I start the painting process with a blank piece of glass or china - I try to source reasonably priced pieces with simple, elegant shapes. I then mix the colours to get the shades I need - I use a range of glass paints that can be heated in a conventional oven to permanently fix the colour - and begin by outlining the design. The outliner I use is a little like a tiny tube of toothpaste and needs a steady hand to keep the lines even. When the outliner has air dried, I fill in the colours that I specially mixed. This needs to dry for about half a day and is then fired on using a conventional oven. Finally, when the piece has cooled, it is hand washed and polished with a soft cloth before it gets carefully packaged for posting. Packaging is extremely important when sending glass through the post and cannot be scrimped on. After spending so much time creating something, it would be crazy to send it without proper care.

I originally began by painting on glass, but less than a year ago, decided to move into china ware as well. This was in part, due to my association with the Secret Tea Society, of which I am a member. I discovered the Society through twitter and loved the idea of meeting up with interesting ladies to take tea (and cake!) and spark some intelligent (well, mostly) conversation. Shortly after joining, I was honoured to create the Secret Tea Society cocktail, the Rosy Lee and then it started to be sold as a membership option. One day I finally had a eureka moment when I realised that I could of course, paint on fine china as easily as I could glass and ‘Ginpot’ was conceived. It remains the most popular of my teaset designs, largely, I think because it appeals to people’s sense of humour and also because there is a huge resurgence in the popularity of gin. I could wax lyrical for hours on my love of gin, but suffice to say that it is a recurring theme on my cocktail blog.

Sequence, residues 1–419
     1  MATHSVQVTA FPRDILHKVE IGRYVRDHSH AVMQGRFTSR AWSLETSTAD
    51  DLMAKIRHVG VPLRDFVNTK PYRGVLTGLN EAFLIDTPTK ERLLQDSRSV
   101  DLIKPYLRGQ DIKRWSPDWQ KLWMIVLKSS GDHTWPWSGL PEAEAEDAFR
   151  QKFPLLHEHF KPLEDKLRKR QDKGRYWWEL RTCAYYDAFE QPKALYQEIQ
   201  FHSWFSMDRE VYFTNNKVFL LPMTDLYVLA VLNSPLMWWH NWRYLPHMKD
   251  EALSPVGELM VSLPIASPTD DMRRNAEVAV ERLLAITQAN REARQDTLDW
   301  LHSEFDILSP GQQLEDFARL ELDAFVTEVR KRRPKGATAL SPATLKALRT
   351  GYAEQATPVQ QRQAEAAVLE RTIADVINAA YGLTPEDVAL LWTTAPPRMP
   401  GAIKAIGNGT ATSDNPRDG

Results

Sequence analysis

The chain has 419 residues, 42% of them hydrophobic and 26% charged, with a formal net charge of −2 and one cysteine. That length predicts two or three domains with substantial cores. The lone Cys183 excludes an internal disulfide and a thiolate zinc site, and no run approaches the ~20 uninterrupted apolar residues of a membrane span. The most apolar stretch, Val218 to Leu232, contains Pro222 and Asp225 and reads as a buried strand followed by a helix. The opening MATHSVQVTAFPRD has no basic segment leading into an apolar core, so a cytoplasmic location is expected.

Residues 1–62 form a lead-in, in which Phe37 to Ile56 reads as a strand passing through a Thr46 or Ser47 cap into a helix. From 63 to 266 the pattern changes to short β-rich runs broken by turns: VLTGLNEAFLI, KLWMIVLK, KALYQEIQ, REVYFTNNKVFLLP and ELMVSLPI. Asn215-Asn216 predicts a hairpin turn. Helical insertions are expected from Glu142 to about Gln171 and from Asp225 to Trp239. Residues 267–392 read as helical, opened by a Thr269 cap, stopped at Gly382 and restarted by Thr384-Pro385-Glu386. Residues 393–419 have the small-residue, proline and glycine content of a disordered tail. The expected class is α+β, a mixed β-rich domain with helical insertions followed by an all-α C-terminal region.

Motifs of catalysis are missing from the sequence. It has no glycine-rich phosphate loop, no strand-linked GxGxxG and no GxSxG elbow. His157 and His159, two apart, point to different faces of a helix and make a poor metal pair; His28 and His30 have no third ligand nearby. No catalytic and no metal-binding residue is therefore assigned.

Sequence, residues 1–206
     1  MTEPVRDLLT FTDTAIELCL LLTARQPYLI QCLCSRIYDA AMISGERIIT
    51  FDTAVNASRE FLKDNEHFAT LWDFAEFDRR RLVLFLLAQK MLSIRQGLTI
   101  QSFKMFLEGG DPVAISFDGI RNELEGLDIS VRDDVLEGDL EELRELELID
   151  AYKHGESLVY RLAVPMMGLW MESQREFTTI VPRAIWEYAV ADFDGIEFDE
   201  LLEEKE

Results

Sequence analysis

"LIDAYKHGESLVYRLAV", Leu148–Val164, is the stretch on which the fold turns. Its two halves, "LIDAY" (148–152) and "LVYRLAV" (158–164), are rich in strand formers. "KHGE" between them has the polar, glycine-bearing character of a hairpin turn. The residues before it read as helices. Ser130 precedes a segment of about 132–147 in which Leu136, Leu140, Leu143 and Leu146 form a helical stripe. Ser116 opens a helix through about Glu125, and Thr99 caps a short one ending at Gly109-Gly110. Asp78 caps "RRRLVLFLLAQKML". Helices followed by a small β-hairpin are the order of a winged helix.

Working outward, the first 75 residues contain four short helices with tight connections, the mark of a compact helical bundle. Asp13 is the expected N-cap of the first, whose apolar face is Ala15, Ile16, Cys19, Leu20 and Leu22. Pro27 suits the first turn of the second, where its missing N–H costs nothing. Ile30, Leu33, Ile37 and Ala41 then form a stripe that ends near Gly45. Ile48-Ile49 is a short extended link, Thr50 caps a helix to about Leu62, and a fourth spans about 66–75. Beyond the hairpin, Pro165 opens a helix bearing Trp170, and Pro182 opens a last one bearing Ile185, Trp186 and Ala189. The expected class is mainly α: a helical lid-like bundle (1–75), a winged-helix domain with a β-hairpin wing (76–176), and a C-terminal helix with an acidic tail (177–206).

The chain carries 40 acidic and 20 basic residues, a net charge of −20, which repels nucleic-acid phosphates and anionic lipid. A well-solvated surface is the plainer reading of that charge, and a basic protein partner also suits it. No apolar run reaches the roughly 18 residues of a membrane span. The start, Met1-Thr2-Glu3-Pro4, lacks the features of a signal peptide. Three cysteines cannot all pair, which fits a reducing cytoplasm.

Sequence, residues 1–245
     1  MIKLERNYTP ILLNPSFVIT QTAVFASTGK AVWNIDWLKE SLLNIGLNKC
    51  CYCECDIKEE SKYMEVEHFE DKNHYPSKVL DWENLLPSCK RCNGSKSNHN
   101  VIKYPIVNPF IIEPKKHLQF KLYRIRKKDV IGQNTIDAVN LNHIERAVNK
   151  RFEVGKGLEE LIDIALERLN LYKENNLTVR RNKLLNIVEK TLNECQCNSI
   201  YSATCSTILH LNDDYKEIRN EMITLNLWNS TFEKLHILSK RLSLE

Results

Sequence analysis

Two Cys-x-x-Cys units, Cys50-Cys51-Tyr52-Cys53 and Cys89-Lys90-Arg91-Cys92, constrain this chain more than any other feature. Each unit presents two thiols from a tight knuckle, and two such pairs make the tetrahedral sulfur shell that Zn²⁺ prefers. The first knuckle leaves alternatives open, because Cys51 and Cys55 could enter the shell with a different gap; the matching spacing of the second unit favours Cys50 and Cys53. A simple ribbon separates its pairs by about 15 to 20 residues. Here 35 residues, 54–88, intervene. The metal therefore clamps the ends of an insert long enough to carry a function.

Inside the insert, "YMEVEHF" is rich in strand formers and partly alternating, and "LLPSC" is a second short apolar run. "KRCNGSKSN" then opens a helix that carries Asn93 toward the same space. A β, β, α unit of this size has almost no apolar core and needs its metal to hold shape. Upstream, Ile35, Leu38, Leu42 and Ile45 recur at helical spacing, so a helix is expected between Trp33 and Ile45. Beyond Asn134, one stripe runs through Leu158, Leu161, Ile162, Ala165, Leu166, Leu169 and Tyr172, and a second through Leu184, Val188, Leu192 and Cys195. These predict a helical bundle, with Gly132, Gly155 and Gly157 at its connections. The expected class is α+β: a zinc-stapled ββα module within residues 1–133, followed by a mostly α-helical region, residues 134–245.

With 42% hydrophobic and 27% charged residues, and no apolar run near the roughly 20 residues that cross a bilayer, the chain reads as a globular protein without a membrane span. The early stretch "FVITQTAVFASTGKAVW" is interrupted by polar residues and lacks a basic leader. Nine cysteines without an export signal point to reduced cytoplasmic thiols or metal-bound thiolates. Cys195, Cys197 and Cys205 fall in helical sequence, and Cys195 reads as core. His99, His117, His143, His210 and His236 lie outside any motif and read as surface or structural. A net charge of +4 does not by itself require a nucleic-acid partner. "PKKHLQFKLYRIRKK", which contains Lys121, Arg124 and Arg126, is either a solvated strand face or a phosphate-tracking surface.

http://toasted-glass.blogspot.co.uk

The Toasted Glass blog began purely as a way to indulge my love of cocktail making (mixology) and simultaneously, show off the glassware. It is a great way to engage with people and hopefully encourage them to try their hand at mixing drinks at home, preferably in some lovely, hand painted glassware! The blog led to interest in my cocktail making skills and from that the Bespoke Cocktail Service was born. I have created cocktails to represent company brands, as wedding gifts and special birthdays. It’s a delight to create them, although it can be challenging sometimes and it makes a really unusual, personal and thoughtful gift.

As a one woman operation, I can feel as though I am spread a little thin and am grateful that my two boys are now old enough to be a little less reliant on their mother - I couldn’t have entertained the idea of doing this when they were really little and school holidays can be a challenge! Luckily, my husband will be able to stop working in the months leading up to Christmas, so that I can cope with the inevitable rush. Last year was pretty frantic and I was lucky to have him to look after the children and shuttle post bags full of parcels to the depot for delivery. I anticipate that this year will be even busier, but as yet I’m not planning to take on any extra help. The painting has to be done by me - I wouldn’t trust anyone else to do it, but someone to do the packing would be nice…